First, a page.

Google’s segment of portable computers loaded with Chrome OS is growing, and among recently announced new models is Acer’s latest offering — the Acer C720, an inexpensive laptop that utilizes Intel Haswell. Like other Chromebooks, the C720 is aimed at those who need a computer for school, for working on the go, or for fun without shelling out hundreds more for unneeded hardware. On the grand scale, it is the C720’s $249 price point that makes it appealing, and on the smaller scale, it is this notebook’s excellent performance that makes it stand out among its peers. Read on for our full SlashGear review.
The Acer C720 is an interesting Chromebook, in that Acer has elected to focus on performance over design. This isn’t to say that the design is poor, but that the laptop comes across as fairly utilitarian and business-esque in nature, especially when compared to the new HP Chromebook 11, which has a reversed focus: design over performance in a way that suggests younger users are its target audience.
The C720 is a cheap laptop, and there is no mistaking it for anything other than that when in use. The keyboard has low-profile keys that are evenly spaced, and typing is a simple activity that can be carried on at length without difficulty or lengthy adjustment times. The keys are also solid and can be used to type quickly, which is of particular importance for many users (this review was written on the device, in fact). Anyone who has used the Samsung Series 3 Chromebook will find the C720’s offering to be quite similar. Included are the necessary Chrome-centric special buttons, including Full Screen and such.
The trackpad is also nice, although power users will likely find some small complaints with it after extensive usage, namely that it seems that every now and again it fails to register a touch, meaning you’ll find yourself swiping and nothing happening until you lift your finger and try again. Most of the time, however, it works fine and can be used with very soft taps and multi-finger gestures for things like scrolling. The trackpad depresses to function as a left button, and though there is a gesture for making a right-clicking action, it is generally easier to hold the Alt key and tap.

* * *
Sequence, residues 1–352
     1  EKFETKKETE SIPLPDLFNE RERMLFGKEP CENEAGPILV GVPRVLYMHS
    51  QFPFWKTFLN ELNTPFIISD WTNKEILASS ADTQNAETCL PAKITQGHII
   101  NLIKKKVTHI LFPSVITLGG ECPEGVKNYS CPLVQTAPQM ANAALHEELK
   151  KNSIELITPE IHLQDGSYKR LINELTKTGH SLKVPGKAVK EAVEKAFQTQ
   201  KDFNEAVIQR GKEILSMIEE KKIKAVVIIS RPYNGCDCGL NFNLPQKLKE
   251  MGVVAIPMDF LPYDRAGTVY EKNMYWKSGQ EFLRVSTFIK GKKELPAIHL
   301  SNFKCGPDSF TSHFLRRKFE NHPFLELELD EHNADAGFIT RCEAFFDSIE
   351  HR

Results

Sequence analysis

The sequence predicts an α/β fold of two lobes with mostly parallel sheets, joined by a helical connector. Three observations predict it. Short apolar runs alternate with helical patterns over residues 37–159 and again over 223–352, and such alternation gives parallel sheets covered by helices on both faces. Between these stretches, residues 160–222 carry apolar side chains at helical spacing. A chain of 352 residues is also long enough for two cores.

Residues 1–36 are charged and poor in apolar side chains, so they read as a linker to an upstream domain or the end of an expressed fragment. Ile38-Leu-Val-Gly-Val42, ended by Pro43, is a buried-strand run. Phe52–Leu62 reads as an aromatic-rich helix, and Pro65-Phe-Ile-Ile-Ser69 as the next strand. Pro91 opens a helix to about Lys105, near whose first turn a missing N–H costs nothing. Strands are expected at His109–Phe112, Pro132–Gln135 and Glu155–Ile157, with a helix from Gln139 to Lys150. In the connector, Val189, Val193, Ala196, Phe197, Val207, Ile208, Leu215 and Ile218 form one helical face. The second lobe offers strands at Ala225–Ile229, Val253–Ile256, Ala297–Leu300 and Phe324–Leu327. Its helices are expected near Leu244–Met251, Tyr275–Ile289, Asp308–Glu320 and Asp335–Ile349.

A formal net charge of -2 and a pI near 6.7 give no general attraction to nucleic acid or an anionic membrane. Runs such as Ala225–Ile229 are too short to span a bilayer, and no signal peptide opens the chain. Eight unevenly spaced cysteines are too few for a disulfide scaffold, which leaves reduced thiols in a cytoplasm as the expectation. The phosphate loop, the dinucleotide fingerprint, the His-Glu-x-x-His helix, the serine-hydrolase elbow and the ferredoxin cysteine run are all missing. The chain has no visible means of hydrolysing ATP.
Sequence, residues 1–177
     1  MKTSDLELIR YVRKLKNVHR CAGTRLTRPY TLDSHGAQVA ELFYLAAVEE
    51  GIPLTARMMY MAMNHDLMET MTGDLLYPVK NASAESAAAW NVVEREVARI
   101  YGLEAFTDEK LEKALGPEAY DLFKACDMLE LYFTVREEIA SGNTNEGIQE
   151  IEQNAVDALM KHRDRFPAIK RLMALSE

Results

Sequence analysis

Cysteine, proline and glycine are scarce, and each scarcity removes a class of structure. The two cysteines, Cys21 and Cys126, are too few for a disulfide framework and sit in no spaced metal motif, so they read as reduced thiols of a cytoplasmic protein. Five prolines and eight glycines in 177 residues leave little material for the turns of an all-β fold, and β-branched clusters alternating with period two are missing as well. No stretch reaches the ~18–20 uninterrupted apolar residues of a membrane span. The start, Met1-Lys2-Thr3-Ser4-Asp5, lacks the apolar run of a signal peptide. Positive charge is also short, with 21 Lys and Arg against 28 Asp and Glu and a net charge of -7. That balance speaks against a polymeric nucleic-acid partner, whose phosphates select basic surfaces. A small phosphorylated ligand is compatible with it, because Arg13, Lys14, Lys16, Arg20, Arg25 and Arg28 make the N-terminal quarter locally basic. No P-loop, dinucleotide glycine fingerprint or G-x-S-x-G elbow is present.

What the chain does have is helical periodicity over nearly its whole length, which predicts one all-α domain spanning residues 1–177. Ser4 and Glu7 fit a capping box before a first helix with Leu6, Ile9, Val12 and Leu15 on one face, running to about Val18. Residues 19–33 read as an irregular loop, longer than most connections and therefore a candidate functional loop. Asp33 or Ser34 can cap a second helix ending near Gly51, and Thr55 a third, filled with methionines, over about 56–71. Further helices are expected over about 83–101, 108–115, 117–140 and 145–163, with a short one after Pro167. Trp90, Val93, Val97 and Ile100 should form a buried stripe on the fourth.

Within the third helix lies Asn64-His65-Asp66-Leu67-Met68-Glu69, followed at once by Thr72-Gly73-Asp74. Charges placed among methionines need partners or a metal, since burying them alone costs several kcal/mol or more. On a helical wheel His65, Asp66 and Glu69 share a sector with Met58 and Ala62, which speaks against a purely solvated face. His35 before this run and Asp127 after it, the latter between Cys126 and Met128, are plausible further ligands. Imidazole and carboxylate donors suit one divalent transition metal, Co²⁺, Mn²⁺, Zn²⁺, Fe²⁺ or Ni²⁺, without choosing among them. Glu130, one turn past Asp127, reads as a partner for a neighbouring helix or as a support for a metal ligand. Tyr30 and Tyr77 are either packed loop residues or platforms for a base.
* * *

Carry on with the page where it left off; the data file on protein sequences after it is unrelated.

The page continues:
Alongside the right side of the laptop you’ve access to an SD card slot, a USB slot, and a locking port, while the left side harbors another USB port, an HDMI video-out slot, the headphone jack, and the charging port. There are two speakers, one on each side of the bottom of the side, and while they sound very nice given the size of the laptop, they’ll end up muffled for those who use the laptop on their chest while lounging back.
The speaker positioning isn’t a big deal for some, but worth noting regardless. The bottom is also home to a large air vent that stretches across the entire device, and there’s an open vent on the back edge mostly obscured by the display’s bezel. The laptop isn’t loud when running, and doesn’t get hot. Rounding it all out is a webcam and small sensor above the display on the bezel.
Software and Performance
Performance is where the Acer C720 shines, and anyone who plans to use the system regularly for work or as a primary laptop for play will find that it is both speedy and able to handle multiple activities at once without bogging down — listening to music and browsing the Web, or watching a video and chatting at the same time, for example. This is where the Acer excels in comparison to the HP Chromebook 11, which suffers from performance issues.
This performance quality is thanks to the use of Intel Haswell over an ARM-based processor. In the Acer Chromebook C720, users get an Intel Celeron 2955U processor alongside 4GB of DDR3L and a 16GB SSD. This accompanies an 11.6-inch matte display with a resolution of 1366 x 768 pixels — using the device outside doesn’t result in glares or difficulty with visibility, though it should be noted that for those who aren’t concerned with this, the HP Chromebook 11 has an overall more crisp display.
Another advantage of the Haswell hardware under the hood is exceptional battery life in comparison to some other Chromebooks, with the battery regularly lasting between 7 and 8 hours on a charge (with charge time being noticeably quicker than the HP Chromebook 11). One can play hours of video or music on the C720 while browsing the Web or chatting and find that it’ll be at least a handful of hours before they have to plug back in. This makes the Chromebook particularly relevant for on-the-go users who need something that will last through a long business meeting or plane trip.
The Acer C720 Chromebook is a speedy, sharp Chrome OS laptop that has a simple design and boasting rights in the performance department. The laptop is a step ahead of many other competing Chromebooks, and is more than able to hold its own as an everyday laptop for those who do basic tasks: media, email, Internet, chatting, word processing, and such. The price point holds steady at $249 USD, meaning though you’re getting a performance boost via the use of Haswell, you’re not paying out more than what you’d spend for other Chromebooks.
Unless you’re dead-set on having a design that stands out — a la the HP Chromebook 11 — you’d be hard-pressed to find a Chromebook alternative at the moment that holds up to the performance of the C720, and though the design does feel cheap in terms of ample plastic, there is nothing overtly unsavory or bad about Acer’s latest offering.